Optimism Key Ingredient in Obama, Fannie Housing Reports

A couple of new government reports are showing a glass-half-full view of housing.

By Peter Ricci

Maybe it’s the patriotic Fourth of July fervor, but two new government reports on housing are quite optimistic, with both President Obama’s Housing Scorecard and Fannie Mae’s latest National Housing Survey finding quite a bit to like in today’s gradually recovering housing market, from consumer expectations on housing to the successes of government refinancing initiatives.

On the public policy side, the June 2012 Housing Scorecard from the Obama White House highlighted the administration’s efforts in preventing foreclosures. Some of the data in the scorecard included:

  • As of May, more than one million homeownership have received permanent modifications through the government’s Home Affordable Modification Program (HAMP).
  • Those who received a HAMP modification have saved roughly $536 on their mortgage payments each month, and cumulatively, savings have exceeded $13.3 billion to date.
  • Even better, 86 percent of homeowners who entered the HAMP program the last 23 months have received permanent modifications, and more than 83,000 had their principals reduced, which economist Robert J. Shiller has pinpointed as the ultimate panacea for housing.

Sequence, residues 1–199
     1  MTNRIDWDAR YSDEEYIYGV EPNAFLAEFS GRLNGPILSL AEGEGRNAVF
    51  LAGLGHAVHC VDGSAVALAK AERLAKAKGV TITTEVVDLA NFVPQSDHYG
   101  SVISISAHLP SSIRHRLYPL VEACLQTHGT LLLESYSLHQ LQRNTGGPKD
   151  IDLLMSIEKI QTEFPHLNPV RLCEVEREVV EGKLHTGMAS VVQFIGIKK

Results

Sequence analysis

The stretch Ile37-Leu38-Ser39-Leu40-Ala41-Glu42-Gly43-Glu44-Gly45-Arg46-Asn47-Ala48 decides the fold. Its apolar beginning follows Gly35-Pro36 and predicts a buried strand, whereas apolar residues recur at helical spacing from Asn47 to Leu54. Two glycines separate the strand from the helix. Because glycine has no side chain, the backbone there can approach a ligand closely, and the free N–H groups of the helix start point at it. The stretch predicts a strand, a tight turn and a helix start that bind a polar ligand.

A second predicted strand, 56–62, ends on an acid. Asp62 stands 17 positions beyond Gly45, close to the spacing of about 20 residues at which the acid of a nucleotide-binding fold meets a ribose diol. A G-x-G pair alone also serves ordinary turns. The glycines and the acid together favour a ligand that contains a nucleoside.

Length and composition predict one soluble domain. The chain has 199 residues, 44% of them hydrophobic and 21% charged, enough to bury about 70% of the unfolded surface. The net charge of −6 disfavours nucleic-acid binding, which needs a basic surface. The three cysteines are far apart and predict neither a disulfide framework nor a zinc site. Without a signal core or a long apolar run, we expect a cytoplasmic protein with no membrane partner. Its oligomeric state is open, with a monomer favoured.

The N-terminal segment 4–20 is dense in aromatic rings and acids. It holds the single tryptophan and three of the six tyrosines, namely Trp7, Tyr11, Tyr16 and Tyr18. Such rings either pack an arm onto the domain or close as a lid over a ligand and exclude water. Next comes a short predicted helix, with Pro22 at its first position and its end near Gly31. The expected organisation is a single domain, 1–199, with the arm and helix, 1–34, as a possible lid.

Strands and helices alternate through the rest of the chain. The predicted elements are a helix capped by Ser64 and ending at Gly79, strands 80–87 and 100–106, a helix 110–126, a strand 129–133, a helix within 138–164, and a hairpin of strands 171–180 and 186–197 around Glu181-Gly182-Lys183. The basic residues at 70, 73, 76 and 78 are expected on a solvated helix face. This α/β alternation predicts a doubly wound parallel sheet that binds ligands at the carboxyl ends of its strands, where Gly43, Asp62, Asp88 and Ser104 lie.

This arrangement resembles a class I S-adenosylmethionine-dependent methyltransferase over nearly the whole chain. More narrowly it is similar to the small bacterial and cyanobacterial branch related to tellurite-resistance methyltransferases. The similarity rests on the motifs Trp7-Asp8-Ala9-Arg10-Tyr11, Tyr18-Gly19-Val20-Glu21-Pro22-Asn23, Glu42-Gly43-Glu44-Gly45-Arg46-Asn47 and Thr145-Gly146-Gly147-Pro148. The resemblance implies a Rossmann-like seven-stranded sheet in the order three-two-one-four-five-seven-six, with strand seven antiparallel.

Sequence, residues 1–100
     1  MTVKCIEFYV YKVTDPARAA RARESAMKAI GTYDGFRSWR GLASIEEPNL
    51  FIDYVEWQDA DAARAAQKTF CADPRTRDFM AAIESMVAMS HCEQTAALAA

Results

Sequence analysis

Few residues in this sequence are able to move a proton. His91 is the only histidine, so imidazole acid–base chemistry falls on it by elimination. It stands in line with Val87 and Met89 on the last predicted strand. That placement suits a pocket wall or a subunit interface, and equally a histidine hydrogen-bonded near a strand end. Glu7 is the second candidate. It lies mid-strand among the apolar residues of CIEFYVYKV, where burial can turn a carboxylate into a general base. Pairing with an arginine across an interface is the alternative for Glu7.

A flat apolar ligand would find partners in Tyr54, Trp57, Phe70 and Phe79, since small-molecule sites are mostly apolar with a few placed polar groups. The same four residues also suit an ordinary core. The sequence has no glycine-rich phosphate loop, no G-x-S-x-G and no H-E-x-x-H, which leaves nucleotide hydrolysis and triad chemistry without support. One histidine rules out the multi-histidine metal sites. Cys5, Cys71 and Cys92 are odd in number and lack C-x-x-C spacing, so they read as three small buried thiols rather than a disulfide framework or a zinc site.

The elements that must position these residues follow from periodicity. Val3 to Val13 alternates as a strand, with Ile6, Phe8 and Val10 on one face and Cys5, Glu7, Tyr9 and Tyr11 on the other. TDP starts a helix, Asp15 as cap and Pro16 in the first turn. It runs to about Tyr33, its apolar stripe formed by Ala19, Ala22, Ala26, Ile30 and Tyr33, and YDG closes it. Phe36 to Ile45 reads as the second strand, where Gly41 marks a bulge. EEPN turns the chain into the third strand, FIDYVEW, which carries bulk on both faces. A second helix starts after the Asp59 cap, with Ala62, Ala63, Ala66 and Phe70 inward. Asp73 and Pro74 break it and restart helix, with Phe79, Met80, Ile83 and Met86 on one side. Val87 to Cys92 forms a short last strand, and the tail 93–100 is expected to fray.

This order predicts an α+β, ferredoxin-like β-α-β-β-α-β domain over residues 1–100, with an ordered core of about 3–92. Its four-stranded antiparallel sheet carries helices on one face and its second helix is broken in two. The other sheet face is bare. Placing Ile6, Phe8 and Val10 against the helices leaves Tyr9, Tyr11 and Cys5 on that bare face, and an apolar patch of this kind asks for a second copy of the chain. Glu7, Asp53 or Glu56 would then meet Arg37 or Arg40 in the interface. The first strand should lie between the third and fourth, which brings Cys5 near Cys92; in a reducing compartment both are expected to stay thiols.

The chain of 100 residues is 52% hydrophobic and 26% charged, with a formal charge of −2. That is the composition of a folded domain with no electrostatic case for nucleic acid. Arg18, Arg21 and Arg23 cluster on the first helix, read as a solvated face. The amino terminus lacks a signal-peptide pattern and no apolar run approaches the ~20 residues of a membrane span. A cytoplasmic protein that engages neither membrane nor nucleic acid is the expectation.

Fannie’s housing survey, which polled more than 1,000 Americans on their attitudes towards housing and the greater economy, was even more encouraging, finding that quite a few consumers like the direction housing is headed. Some of the survey’s key findings included:

  • Respondents expect home prices to rise 2.0 percent in the next year, up from 1.4 percent in May’s survey and the highest projected increase since Fannie started the survey in June 2010.
  • In addition, 35 percent of respondents said that prices will increase in the next 12 months, also the highest since the survey’s inception.
  • The number of Americans who think now is a good time to buy a home also hit record levels, with 73 percent sharing that opinion.
  • While homeownership continued to earn supporters, faith in renting continued to subside. Respondents expect rental prices to rise by 4.0 percent in the next year (48 percent anticipate an increase and just 5 percent think rents will go down), and 69 percent said that if they were moving, they would purchase a home – also a record high.

Doug Duncan, the chief economist for Fannie Mae, said a number of factors have influenced consumer’s high opinion on homeownership.

“While consumers remain cautious about the general economy, their attitudes toward the housing market continue to improve,” Duncan said.  “One might ask whether consumers are increasingly seeing the current environment as a unique opportunity to buy a home while home prices remain depressed, rental costs are increasing and interest rates are near historic lows.”

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